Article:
Look at that pollen load!!!!!

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Picture submitted by Tracy Hopkins

 

 

Hive inspections are a valuable part of keeping your hives healthy and being a proactive beekeeper. Whether just checking in early spring, taking regular mite counts, or deciding whether to feed in the fall, there are some things to pay attention to every time you open your hive.

 

Here are some general things to look for during hive inspections:

 

Entrance activity before you open the hive can be telling - look for activity levels, pollen loads, interactions among the bees at the entrance, and anything else you notice. Below is a nice, clean entrance with relatively low activity, although there are a few visiting flies (this picture was taken on a cool evening and the gaurd bees were not letting those flies in!).

 

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Here is an entrance with a traffic problem - the bees are having trouble getting through the entrance reducer and mouse gaurd without losing their pollen loads and there are stains from a bee that didn't take off before defecating.

 

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As you open the hive, pay attention to things like odor, activity, and anything else in the hive (especially if there are other things in the hive - mice, beetles, larvae in weird places, etc. may be immediately indicative of a problem or secondary to something else going on in the hive).
Make a habit of counting the number of frames covered with bees in each box - this is easily done from above by counting the seams between frames that are full of bees.

 

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Burr comb (filling spaces that are bigger than "bee space") and brace comb (going across spaces between frames) are worth noting as well. your hive is generally easier to maintain if you scrape burr and brace comb off when you have a chance. If this comb is left long enough, the bees will fill it with food or brood.

 


burr comb

 

As you go through frames, check each side for pollen, capped honey (white "dry" caps or dark grey "wet" caps), uncapped nectar, and the various stages of brood. Of course, it is always a great feeling to see the queen, but sometimes this can be difficult.

 


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Sometimes the queen is less visible, but the worker activity and movement around her gives her away - the circle of attendants is known as her retinue.

 


marked queen retinue

 


When you can't find the queen, evidence that she is there and doing her job is often sufficient. Look for small larva and brood chamber cells with one egg per cell placed neatly in the center of the cell. These eggs will gradually lean over before hatching. Larger larva are good as well, but the very young larva (less than 3 days old) and eggs are a resource - if the hive has to, they can choose one of those to raise a new queen.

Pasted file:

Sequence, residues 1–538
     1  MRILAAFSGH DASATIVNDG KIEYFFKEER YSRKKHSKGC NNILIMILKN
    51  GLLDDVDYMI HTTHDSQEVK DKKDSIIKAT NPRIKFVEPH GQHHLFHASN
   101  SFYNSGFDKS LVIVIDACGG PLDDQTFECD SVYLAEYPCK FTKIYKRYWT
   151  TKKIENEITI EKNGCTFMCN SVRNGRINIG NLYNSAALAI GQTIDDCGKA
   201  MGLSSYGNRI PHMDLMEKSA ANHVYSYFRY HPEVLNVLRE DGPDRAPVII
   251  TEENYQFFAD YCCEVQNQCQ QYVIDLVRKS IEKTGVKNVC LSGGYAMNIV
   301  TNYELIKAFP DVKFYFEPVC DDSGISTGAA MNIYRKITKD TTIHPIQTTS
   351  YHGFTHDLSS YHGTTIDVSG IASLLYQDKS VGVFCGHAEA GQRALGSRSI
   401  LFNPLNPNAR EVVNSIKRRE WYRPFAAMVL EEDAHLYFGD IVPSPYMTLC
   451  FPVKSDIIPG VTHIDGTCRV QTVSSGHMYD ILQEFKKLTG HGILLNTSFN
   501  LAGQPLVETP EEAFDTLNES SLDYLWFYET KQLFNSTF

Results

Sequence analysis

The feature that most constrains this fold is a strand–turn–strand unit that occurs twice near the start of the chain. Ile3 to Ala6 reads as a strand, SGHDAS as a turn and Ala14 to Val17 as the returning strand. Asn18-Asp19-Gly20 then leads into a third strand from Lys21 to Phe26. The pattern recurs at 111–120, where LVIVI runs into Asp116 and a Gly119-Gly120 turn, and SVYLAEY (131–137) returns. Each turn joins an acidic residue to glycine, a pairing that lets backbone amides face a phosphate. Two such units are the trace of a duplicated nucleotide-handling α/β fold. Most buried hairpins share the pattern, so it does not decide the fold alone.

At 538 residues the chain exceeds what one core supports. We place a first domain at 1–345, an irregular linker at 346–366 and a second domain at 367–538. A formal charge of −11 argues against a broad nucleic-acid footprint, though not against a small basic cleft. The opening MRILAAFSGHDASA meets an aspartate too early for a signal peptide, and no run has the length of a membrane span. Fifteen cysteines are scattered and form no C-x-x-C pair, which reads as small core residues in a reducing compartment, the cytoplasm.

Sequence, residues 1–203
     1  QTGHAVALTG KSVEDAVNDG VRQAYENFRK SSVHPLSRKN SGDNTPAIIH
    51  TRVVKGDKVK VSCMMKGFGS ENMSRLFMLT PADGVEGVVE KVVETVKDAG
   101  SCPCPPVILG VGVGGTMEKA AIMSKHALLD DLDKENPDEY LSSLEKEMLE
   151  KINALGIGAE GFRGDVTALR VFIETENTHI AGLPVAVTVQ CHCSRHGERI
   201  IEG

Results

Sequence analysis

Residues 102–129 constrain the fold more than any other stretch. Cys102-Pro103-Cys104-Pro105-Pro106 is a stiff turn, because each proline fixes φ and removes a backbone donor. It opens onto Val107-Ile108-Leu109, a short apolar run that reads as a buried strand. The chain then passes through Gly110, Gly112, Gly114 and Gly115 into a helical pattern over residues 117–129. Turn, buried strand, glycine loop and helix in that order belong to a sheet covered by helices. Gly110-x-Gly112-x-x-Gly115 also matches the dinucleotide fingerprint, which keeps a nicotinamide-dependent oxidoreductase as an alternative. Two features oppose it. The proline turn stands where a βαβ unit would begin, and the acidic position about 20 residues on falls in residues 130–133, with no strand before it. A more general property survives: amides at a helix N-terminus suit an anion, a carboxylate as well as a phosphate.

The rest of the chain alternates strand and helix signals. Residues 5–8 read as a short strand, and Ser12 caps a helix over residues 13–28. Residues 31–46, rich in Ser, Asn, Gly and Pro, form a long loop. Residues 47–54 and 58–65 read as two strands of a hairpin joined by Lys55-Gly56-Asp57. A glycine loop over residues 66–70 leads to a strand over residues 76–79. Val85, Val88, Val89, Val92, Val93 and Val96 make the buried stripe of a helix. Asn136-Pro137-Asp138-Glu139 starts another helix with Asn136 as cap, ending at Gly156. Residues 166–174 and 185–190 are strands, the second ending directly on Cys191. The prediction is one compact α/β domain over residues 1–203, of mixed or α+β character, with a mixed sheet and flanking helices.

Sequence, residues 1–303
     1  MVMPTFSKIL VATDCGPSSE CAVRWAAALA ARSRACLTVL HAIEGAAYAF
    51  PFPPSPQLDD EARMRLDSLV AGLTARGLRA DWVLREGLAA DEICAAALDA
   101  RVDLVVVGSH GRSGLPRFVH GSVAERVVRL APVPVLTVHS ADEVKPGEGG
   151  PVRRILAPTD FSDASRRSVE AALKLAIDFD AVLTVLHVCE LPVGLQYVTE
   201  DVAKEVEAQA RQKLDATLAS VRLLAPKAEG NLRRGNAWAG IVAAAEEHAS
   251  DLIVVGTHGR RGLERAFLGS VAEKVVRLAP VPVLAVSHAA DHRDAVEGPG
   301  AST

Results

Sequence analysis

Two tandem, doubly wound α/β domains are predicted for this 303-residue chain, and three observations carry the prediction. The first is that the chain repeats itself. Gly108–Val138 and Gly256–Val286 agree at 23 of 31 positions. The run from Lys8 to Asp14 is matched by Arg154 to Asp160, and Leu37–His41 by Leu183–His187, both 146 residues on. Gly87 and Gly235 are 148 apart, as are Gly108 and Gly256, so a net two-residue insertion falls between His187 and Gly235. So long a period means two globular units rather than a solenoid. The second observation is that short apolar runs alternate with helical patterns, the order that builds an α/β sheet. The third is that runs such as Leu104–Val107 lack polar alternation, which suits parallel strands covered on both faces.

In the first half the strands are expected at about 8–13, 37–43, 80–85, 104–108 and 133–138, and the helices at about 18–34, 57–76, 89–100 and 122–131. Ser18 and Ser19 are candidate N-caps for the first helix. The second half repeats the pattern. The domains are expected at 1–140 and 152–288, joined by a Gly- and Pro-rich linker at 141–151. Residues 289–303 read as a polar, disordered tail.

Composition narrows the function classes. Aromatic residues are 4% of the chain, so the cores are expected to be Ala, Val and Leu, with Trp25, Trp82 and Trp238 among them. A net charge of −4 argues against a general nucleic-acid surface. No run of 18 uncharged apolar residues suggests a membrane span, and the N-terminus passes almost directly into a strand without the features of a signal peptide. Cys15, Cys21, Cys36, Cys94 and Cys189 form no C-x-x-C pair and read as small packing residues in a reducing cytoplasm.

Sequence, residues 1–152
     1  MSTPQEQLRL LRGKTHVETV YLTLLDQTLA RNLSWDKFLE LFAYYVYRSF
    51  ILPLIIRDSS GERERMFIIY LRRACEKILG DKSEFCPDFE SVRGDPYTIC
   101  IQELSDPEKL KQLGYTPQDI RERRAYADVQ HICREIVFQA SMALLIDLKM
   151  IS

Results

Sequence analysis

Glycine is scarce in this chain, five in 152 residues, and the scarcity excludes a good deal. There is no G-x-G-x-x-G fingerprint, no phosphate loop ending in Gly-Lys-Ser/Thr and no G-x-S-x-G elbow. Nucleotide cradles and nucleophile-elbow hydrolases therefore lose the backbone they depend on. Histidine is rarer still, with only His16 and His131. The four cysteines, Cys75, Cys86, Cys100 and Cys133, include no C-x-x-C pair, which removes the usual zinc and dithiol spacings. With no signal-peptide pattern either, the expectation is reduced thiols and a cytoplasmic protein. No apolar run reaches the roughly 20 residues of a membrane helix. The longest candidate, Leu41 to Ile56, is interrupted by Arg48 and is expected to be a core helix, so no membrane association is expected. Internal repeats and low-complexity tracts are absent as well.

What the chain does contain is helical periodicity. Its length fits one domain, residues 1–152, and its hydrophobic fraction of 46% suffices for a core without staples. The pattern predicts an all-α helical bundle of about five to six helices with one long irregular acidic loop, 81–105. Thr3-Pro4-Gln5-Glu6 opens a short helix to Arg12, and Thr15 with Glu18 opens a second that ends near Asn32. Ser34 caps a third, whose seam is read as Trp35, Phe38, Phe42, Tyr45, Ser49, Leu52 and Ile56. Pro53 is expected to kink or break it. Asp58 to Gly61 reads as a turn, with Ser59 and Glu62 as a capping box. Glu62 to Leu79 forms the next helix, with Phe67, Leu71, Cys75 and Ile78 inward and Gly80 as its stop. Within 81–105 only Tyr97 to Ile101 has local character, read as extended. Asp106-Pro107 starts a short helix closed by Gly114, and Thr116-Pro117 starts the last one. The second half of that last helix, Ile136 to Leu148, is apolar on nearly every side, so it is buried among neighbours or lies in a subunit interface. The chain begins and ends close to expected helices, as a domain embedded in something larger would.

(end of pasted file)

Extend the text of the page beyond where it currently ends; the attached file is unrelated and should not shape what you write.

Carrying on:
eggs and young larvae

 


You may see eggs that are less perfectly placed - this is usually not ideal. The picture below is from a young queen that was just learning how to do her job and laid two eggs in a few cells. If you see many misplaced eggs, you should be checking to see if you have a laying worker in a queenless hive. A laying worker can only lay drone eggs and the hive will die without a continued population of worker brood.

 


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The hatched larva will be fed and cared for by the nurse bees (young adult worker bees) and when they are ready to pupate, their cells will be capped. Worker brood will have flat tan/brown caps. In this picture, you can see the progressive brood pattern (capped brood surrounded by progressively younger larva and a pollen border on the edges of the brood chamber).

 


brood pattern with pollen border

 


Drone brood will have muffin-top-shaped tan/brown caps and will often be found in "patches" of comb with larger diameter. Such a patch of drone brood can be seen below with uncapped nectar in the nearby cells.

 


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As the season progresses, you should see a radiating pattern of brood laying and hatching develop within your hive - ideally there will be a ring of pollen around the outside of the brood chamber and capped honey in the top corners of the frames as well. The frame in the picture below is from the center of a well-developed brood chamber mid-summer.

 


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Pictures Submitted by KT Thompson

 

 

Don't forget to check your hive entrances after a snow!

 

Hives in drifts

 

Picture Submitted by Joanna Thompson

 


 


Look at that queen cage! During installation of a new package of bees, there is typically a cluster of worker bees around the queen cage - they interact with her and feed her through the screen during shipping and hang on when the keeper removes the queen cage from the main package.

 

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Picture Submitted by Joanna Thompson

 

 

Thought you might be interested to see the set-up of one local beekeeper from the Eastern Colorado Beekeepers!

 

Joannas Operation 1

Joannas Operation 2

Joannas Operation 3

 

Pictures submitted by Joanna Thompson